One of my earliest memories took place at my great-grandmother’s house. She had an entire wall filled with shelves of figurines. I was fascinated by these tiny porcelain objects that were strange and exaggerated versions of the animals they represented. My family relocated often throughout my childhood and my possessions became a much-needed source of stability in my constantly shifting world. During this time, I began collecting my own small porcelain figurines at garage sales and secondhand shops that I frequented with my grandmother. I have always been interested in the past lives of these objects and would imagine what meanings and memories they held to those who had owned them.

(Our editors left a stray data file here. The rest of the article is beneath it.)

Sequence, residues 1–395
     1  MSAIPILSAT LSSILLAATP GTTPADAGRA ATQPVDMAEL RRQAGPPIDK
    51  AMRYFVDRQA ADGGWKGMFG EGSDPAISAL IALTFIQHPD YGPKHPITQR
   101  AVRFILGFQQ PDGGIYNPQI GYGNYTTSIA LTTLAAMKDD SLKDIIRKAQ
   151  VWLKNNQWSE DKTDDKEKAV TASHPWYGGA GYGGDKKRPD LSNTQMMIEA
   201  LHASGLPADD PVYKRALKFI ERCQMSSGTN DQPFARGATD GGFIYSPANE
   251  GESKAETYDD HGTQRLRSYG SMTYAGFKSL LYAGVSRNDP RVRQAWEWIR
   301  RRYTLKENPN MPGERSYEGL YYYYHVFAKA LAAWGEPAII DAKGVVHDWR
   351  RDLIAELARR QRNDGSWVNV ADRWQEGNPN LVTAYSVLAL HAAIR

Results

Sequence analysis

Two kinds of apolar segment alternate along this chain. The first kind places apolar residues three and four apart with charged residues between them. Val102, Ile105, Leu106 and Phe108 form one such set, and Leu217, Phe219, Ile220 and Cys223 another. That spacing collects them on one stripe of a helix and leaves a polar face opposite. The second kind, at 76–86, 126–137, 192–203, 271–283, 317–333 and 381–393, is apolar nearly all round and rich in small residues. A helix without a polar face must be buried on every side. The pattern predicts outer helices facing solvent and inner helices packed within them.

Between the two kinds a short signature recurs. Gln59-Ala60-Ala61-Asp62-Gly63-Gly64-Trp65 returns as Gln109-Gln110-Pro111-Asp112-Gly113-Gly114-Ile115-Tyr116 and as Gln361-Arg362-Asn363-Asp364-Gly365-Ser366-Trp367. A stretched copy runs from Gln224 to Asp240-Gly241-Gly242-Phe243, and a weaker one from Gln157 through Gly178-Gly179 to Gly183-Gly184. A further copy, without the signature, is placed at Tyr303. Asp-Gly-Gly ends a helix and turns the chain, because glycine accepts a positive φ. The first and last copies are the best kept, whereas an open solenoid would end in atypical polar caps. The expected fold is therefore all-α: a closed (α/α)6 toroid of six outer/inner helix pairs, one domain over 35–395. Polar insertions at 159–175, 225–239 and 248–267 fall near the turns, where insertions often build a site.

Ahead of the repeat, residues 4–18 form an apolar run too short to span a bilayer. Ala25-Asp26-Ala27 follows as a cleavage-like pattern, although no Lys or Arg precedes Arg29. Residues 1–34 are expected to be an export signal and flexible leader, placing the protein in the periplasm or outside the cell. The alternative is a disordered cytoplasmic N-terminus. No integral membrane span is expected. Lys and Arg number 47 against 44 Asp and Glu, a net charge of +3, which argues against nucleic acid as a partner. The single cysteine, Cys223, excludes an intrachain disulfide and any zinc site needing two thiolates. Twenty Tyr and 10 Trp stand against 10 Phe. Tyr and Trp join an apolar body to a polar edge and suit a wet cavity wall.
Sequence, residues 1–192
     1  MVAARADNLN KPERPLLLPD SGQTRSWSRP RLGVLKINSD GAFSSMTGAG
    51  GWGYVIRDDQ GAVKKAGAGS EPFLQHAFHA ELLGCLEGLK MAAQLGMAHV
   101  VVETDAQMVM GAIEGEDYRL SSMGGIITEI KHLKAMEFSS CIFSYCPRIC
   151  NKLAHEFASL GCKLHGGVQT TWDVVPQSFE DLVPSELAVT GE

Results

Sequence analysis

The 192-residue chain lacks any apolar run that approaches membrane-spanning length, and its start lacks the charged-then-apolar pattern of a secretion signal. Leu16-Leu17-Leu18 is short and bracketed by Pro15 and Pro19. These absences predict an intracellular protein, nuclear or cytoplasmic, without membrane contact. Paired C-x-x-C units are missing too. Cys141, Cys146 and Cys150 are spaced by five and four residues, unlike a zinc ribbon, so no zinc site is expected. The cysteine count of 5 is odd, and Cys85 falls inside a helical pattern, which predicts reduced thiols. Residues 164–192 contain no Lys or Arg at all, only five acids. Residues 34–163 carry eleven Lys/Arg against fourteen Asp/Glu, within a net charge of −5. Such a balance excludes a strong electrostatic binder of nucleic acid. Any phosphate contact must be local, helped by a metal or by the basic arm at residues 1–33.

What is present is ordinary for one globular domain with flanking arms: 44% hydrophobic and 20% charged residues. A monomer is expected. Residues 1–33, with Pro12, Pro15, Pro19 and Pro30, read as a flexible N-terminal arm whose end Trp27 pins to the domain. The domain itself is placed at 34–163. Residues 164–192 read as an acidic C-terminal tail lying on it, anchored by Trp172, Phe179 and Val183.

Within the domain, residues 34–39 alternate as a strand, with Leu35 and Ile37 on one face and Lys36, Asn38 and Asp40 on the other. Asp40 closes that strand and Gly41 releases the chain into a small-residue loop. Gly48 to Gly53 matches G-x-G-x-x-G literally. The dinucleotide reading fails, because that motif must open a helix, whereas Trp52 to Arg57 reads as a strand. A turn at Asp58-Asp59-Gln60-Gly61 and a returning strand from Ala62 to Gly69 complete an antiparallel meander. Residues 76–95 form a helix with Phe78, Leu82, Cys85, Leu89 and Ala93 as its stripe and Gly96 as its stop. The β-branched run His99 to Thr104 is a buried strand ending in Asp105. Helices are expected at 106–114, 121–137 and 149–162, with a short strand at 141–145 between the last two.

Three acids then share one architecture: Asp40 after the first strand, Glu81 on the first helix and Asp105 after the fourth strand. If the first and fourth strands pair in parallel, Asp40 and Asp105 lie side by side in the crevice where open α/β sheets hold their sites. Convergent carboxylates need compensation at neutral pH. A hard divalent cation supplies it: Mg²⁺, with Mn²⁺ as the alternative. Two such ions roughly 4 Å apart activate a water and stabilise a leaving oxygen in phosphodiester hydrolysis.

In recent years, this curiosity led me to begin using figurines as subjects for pieces that aren’t quite still-life paintings and aren’t quite portraits. The figurines I am most drawn to are strange, comical, and sometimes slightly discomforting. I spend a long time arranging the figurines and considering what meaning I’d like them to embody – sometimes this meaning is intensely personal, and at other times it is a universal experience.